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Sunday Reflections: The Sanctuary of Stories

“There is no greater power on this earth than story.”

― Libba Bray, The Diviners

(Trigger warning: car accidents/parental death)

My dad with my son. Taken the final time I ever saw my dad.

This Wednesday marks the two year anniversary of my dad being killed in a car accident on an icy Minnesota highway. Typing those words, sitting here looking at those words, it still seems surreal. Some days, those words lose their meaning to me—I’ve said them so many times in these past two years. They’re what I spit out automatically when I need to. Other days, my brain decides it doesn’t like me and makes every one of those words come out at a hundred decibels. They play on an infinite loop (DAD KILLED ACCIDENT ICY HIGHWAY). It happens to me less now (it is both the truth and a lie that it gets easier over time), but in those first few months, that sentence is where my brain decided to plop down and set up camp. I had things to do—I needed to go to work at the library, I needed to raise my child, I needed to tackle settling my dad’s estate, I needed to do everyday things that became afterthoughts, like sleep and eat. I didn’t have time to let my brain sit and stare at the neon sign of those words every free second I had.


So I did what I always do—I turned to words. I looked for sanctuary in stories.   A lifelong obsessive reader, I knew the power of stories. Getting lost in someone else’s story was more appealing than ever. For a few hours, I could be someone else. I’ve always been a fan of comics and graphic novels, but I found that, more than anything, those were what I wanted to read right then. There was something about the words and the pictures pulling me into the story so fully that I was able to lose myself in the worlds of Faith Erin Hicks, Raina Telgemeier, Hope Larson, Daniel Clowes, Derek Kirk Kim, Gene Luen Yang, Ed Piskor, Zeina Abirached, and Barry Deutsch. I reread the Jessica Darling series by Megan McCafferty for some comfort reading. I looked to David Sedaris to make me laugh. The books were both the distraction I needed and a fumbling way into dealing with feelings I wasn’t quite able to process in real life.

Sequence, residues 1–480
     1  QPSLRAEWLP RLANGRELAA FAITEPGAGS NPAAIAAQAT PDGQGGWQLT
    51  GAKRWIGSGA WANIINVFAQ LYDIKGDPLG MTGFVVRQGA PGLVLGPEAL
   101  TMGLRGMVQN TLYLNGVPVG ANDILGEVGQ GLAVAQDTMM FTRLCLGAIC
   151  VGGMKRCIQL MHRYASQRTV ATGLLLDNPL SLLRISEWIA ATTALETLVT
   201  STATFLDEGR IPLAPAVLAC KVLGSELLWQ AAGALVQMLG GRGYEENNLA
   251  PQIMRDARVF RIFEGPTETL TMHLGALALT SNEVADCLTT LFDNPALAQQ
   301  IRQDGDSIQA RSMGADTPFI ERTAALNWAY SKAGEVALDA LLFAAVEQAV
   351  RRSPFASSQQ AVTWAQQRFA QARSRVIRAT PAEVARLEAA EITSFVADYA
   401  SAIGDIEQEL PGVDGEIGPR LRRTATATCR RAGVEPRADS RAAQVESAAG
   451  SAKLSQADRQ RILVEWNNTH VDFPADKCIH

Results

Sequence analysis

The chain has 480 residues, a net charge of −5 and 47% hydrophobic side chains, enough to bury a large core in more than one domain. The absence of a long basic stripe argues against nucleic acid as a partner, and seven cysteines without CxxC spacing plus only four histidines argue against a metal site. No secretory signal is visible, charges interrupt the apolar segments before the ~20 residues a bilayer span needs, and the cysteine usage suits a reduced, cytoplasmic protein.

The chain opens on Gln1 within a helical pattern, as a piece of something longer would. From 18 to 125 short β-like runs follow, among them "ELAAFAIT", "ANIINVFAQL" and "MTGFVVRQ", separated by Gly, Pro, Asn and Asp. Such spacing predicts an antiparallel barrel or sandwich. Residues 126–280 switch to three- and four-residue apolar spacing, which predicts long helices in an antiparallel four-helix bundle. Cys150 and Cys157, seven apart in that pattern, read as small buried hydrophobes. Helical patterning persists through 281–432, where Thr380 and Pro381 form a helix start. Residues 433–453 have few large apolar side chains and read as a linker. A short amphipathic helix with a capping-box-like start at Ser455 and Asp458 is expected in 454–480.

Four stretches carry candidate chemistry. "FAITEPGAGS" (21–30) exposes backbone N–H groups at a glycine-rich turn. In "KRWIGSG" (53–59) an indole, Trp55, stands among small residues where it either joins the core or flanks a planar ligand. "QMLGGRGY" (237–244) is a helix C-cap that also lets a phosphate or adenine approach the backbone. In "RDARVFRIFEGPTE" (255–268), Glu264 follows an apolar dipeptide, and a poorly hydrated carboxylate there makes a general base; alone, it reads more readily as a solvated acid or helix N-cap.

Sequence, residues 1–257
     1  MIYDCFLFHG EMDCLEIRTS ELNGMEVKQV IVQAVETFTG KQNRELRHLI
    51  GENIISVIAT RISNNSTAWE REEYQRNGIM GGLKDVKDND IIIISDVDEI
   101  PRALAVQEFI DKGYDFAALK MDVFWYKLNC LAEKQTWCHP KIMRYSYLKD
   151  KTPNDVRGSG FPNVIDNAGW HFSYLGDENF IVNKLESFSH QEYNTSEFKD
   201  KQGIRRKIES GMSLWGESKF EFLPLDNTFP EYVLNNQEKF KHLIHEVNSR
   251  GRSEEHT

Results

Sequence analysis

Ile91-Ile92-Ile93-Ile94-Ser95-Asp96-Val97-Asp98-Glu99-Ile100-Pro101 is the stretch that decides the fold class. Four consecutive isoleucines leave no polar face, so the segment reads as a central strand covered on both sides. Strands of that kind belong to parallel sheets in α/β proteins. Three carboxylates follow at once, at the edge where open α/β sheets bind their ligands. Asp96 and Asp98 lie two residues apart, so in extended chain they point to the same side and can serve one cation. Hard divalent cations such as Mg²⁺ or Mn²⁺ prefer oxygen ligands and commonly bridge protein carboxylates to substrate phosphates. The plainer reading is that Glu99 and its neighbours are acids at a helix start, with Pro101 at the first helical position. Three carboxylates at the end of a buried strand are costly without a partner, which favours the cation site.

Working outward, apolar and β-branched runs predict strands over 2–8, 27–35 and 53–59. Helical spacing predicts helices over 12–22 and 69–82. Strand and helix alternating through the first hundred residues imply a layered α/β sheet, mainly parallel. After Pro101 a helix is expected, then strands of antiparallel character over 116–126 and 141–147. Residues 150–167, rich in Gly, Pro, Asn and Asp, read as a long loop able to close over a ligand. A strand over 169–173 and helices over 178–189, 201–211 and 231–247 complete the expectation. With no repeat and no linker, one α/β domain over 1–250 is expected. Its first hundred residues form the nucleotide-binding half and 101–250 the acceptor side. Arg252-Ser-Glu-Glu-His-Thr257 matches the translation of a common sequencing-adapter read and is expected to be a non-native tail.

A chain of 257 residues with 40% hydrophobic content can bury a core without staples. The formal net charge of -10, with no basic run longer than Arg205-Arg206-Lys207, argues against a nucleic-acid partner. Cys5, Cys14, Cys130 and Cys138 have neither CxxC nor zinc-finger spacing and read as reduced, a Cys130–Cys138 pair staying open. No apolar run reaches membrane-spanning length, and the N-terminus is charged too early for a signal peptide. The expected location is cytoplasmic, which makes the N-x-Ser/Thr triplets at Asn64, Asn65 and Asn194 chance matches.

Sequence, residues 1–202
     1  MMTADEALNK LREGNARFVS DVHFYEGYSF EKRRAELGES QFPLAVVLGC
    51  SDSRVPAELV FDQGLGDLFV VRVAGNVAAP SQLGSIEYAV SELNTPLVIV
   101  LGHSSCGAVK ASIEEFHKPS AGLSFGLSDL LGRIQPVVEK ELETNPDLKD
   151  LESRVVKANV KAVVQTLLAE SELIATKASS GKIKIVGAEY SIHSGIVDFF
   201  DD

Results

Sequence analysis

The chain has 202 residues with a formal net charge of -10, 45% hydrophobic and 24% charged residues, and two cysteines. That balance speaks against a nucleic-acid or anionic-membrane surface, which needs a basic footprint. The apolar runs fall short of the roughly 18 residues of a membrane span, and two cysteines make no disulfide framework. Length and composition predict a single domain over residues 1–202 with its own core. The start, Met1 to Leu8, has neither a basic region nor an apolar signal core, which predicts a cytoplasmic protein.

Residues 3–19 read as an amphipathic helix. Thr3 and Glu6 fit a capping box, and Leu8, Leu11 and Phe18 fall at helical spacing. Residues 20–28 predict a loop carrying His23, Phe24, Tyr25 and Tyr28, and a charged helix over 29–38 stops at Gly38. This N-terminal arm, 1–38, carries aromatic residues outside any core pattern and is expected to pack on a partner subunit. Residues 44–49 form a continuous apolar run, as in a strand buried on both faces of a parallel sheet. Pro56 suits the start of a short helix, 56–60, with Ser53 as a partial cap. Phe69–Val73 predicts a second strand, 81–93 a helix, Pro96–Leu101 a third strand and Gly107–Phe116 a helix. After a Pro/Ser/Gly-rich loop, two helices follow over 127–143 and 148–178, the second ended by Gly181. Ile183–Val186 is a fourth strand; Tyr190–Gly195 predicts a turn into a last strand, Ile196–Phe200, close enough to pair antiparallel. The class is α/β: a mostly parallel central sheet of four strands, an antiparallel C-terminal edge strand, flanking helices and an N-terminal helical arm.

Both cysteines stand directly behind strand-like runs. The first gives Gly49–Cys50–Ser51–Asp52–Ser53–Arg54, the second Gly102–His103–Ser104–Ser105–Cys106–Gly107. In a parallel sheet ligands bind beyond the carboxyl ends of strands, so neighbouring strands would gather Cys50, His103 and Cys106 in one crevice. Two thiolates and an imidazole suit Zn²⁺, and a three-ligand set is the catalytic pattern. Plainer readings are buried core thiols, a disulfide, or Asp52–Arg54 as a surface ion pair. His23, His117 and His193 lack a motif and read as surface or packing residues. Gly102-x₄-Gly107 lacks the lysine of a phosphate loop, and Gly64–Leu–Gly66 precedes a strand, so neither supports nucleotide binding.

At home I felt like all I did was talk about my story—here’s what the lawyer said today, here’s the new twist in the soap opera that settling this estate has become, here’s who I swore at on the phone. I had no choice but to live out my story, but any second that I had the chance to smother that story for a bit, I took it. When my minions would come visit me in the library those first few days after I went back to work, after a month away, they offered hugs, which always resulted in me tearing up. I quickly learned that when they asked how I was, or what happened, or did I want a hug, or what could they do for me, that what I really needed was to ask them to tell me stories. Don’t ask me to talk right now, don’t hug me—what you can do is talk to me. Tell me what I missed. Entertain me. Make me laugh. Allow me to see your drama for a while (if you’re looking to be distracted while grieving, a high school is a pretty good place for that). They’d tell me what they were reading and I’d read it too so we could talk. They’d show me their poems or their stories. I felt like if I filled my brain up with everyone else’s words, there would be less room for my own words when I didn’t want them around.


And those words came spilling out of me, too. I wrote—blog posts, a draft of a novel, and infinite emails. Time and again I felt grateful for these words—the ones I was taking in, the ones I was pouring out—that moved me, distracted me, entertained me, and healed me.


The zines I wrote in the 90s. Long live teen angst!